The Virgin Islands had seven delegates on the line in its caucuses on Saturday and all went to Clinton. Then, on Sunday, Puerto Rico had 60 delegates up for grabs in its Democratic primary.
The contests essentially serve as a warm-up act for the big prize: Tuesday's slate of contests in California, New Jersey, New Mexico, Montana and South Dakota.
But for Clinton, who is just 60 votes short of reaching the 2,383 delegates she needs to clinch the Democratic nomination, the two weekend contests place her on the precipice.
Clinton currently has 2,323 delegates -- including 1,769 pledged delegates and 547 superdelegates. Sanders has 1,547 delegates total -- 1,501 pledged and 46 super delegates, according to the latest CNN estimates.
The weekend contests come as Clinton and Sanders battle over Democratic superdelegates -- with Sanders arguing that his stronger polling position against Donald Trump should tip the party's scales in his favor.
Puerto Rico governor Alejandro Garcia Padilla threw his support behind Clinton, offering the former secretary of state an endorsement on Wednesday in a Spanish-language statement.
But other superdelegates say they're not yet ready to drop their consideration of Sanders.
New Hampshire state Sen. Martha Fuller Clark said Thursday that she'd support Sanders, who won her home state back in February.
"It has been exhilarating to see so many young people become enthusiastic with Senator Sanders' campaign. Across the nation millions of young people have become engaged for the first time in the political process. That is particularly true here in New Hampshire, especially in my district which includes the University of New Hampshire campus. It is my hope that those young people will feel that, in me, they have an advocate in the leadership of the New Hampshire Democratic Party," she said in a statement.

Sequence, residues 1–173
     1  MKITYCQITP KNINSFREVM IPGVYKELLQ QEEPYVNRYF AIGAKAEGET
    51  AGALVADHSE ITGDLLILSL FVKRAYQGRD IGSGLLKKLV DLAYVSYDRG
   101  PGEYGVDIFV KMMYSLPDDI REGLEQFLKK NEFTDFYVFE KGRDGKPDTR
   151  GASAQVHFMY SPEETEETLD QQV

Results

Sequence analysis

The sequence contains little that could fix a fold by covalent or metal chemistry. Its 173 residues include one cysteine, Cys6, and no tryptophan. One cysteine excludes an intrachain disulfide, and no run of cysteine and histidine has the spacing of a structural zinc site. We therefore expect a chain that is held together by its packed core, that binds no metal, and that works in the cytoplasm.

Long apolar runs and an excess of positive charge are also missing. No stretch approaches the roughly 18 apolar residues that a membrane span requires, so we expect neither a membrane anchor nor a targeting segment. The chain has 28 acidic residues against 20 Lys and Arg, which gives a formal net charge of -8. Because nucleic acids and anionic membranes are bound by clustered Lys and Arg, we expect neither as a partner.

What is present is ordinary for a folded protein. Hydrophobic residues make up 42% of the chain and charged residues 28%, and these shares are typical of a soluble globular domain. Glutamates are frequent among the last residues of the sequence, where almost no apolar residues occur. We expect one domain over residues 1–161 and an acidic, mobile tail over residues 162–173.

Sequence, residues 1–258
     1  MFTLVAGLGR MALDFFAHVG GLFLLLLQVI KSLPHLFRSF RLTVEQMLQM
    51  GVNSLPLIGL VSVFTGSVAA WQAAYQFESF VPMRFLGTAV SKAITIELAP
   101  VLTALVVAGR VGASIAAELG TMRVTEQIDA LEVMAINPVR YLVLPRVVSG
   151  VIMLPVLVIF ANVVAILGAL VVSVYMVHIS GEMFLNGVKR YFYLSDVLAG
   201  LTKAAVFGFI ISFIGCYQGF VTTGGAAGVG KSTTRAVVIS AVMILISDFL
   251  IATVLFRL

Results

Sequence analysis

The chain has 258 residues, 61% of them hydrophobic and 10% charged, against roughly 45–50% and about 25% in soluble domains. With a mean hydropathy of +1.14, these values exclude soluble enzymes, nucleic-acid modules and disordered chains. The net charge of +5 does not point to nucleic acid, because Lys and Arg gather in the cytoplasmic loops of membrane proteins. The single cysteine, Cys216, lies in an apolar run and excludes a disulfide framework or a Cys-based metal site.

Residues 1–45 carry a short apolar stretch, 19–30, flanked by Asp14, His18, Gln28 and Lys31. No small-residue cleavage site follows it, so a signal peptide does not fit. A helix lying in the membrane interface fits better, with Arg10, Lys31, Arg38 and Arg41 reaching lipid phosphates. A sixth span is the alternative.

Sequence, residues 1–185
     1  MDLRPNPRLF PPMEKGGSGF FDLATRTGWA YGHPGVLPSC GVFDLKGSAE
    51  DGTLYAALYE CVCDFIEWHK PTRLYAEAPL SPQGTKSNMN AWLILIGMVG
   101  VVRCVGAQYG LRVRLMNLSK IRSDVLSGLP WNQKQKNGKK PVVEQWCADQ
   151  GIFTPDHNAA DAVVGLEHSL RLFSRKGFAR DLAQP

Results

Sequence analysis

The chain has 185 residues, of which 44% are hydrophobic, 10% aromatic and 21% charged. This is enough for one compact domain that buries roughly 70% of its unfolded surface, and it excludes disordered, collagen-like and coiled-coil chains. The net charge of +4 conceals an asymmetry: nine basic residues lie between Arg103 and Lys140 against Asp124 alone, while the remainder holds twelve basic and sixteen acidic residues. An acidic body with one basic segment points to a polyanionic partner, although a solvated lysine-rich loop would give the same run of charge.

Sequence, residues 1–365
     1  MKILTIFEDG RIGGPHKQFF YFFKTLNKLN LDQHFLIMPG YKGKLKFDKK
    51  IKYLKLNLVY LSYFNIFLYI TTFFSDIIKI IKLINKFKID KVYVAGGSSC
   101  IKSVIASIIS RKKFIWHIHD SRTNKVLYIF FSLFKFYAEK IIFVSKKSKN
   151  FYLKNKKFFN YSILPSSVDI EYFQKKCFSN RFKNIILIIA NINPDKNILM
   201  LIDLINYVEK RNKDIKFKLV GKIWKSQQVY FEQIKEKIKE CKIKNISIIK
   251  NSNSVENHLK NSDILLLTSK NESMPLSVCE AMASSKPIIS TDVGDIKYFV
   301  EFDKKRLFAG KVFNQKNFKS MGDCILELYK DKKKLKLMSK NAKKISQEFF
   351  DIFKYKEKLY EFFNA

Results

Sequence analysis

Sanders has argued that the system is rigged against him, with superdelegates -- the same people he's attempting to court -- playing an outsized role, and closed primaries limited only to Democrats blocking the party from bringing in new and independent voters.
"It is a pretty dumb system. It is a system of anointment when 400 superdelegates come on board a campaign before anybody else indicated they would be running and certainly at a time when nobody has seen how this entire campaign has played out," he said Tuesday in Monterey, California. "It's an unfair system, it's a dumb system, and it's a system we will change."
Clinton, meanwhile, is looking ahead to the general election and turning her attention to attacking Donald Trump -- with her sharpest remarks yet coming in a speech Thursday in San Diego.
"Donald Trump's ideas aren't just different -- they are dangerously incoherent," Clinton said. "They're not even really ideas -- just a series of bizarre rants, personal feuds, and outright lies."
"He's not just unprepared," she said. "He's temperamentally unfit to hold an office that requires knowledge, stability and immense responsibility."